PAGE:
Mind The Gap

Logo and packaging changes come in all sorts of shapes and sizes.  Some companies introduce new logos to make their brand look more dynamic, like the stripes added to the IBM logo in 1972.  Others find their logo no longer fits their business well, leading to the UPS decision to delete the parcel string bow from its shield.  Then there are companies like Mobil Corp. that fell out of love with its big red O in the 1990s and  brought back the Pegasus for no apparent reason.  And now, there’s The Gap, which non-launched a new logo and then ditched it in less than a week after howls of rage and derision on the Internet.

The designer/bloggers, and it appears they were almost all designer/bloggers, were bitchy about the re-design but livid when The Gap then invited them to help improve the new logo for free.  Fake Twitter feeds with names like “oldgaplogo” sprang into being.  Traditional media reported the story as if actual customers were complaining en masse and The Gap itself rescinded the logo change stating that the customer had spoken.

Assuming for a moment that this wasn’t a publicity stunt by The Gap to attract attention, this logo episode is another illustration of the echo chamber effect of social media in its current form, constantly spooking companies into over-hasty reactions to web-borne hostility.  This development is best understood as another manifestation of the confusion aired recently by Malcolm Gladwell, in his justly praised New Yorker piece about the inflated impact of social media.  The speed and virulence of social media memes rightly alarms companies caught in the cross-hairs.  What they are missing is that the very speed of these vectors operates in the opposite direction as well.   Ad Age commissioned an Ipsos poll that showed 80 percent of consumers were unaware of the change.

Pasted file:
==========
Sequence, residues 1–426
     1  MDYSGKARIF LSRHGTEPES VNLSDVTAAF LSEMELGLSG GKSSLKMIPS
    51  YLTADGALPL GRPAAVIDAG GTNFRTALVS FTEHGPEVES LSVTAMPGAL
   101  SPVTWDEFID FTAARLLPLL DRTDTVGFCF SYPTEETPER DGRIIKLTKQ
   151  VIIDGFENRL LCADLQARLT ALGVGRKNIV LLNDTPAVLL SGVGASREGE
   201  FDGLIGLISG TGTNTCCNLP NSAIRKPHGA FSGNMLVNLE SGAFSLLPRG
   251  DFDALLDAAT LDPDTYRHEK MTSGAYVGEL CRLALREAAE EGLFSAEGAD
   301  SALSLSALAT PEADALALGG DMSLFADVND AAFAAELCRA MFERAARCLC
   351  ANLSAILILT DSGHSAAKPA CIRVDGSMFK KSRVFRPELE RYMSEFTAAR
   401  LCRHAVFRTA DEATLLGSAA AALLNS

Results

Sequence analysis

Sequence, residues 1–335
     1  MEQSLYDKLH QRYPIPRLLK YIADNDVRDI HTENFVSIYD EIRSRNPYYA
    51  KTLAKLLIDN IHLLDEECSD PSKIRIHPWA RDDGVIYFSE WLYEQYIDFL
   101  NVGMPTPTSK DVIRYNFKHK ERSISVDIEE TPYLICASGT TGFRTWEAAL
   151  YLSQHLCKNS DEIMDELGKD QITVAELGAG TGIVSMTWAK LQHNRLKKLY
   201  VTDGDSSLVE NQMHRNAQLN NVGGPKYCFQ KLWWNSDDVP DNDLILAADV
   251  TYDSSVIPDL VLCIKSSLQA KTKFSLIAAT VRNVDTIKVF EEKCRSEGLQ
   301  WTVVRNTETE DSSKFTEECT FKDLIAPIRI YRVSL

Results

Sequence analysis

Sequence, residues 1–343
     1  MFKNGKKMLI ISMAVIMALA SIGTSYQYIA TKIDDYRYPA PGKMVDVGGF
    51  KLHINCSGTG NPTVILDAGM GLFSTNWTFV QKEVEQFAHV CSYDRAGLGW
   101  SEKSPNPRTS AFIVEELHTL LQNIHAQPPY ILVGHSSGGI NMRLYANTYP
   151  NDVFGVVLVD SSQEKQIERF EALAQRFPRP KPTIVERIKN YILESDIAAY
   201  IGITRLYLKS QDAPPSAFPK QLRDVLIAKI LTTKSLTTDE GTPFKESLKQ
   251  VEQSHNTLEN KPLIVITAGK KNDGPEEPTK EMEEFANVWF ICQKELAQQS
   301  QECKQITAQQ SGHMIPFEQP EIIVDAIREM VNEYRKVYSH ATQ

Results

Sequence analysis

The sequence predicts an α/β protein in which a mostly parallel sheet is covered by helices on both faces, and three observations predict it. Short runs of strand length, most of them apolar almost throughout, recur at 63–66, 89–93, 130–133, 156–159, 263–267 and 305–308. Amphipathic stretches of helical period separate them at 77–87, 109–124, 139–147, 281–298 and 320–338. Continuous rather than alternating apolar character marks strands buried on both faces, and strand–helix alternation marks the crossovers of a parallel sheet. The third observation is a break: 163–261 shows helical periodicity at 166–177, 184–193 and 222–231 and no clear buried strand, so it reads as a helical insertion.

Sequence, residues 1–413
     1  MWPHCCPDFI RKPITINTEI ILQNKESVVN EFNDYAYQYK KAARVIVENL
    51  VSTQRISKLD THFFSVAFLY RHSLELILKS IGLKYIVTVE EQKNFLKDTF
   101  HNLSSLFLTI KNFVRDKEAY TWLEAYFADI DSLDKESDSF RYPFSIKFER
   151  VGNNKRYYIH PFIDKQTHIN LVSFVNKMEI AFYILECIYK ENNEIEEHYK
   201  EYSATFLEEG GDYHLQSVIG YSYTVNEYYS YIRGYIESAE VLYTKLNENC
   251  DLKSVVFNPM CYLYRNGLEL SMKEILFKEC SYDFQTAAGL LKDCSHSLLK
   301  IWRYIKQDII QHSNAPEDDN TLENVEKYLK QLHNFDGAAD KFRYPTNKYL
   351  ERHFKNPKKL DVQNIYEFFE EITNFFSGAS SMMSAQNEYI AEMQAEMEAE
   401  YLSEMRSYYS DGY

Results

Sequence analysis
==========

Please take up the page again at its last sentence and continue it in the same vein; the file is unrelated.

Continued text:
As our experience with social  media grows, we should have better examples of “subsidence” alongside the many examples of onset.  Learning how to distinguish a pandemic from an outbreak will become a critical communications skill.



2 Responses to “Mind The Gap”

  1. mathisworks Says:

    Hello Dr. Hirsch. Hope you’re well!

    As a designer/blogger who’s been following this, I feel a shared sense of distaste with the Gap logo design and its uncerimonious launch. Still, designers do tend to bitch subjectively about EVERY new logo. There’s even a website for it. Criticism is all part of the redesign process and needs to be taken with a grain of salt.

    The Gap took it to heart, and compounded their problems with the crowdsourcing initiative (deeply frowned upon in the design community) and then a complete 180.

    A risky PR stunt if that is what it was, and a reason for all stakeholders to question the management of the company.

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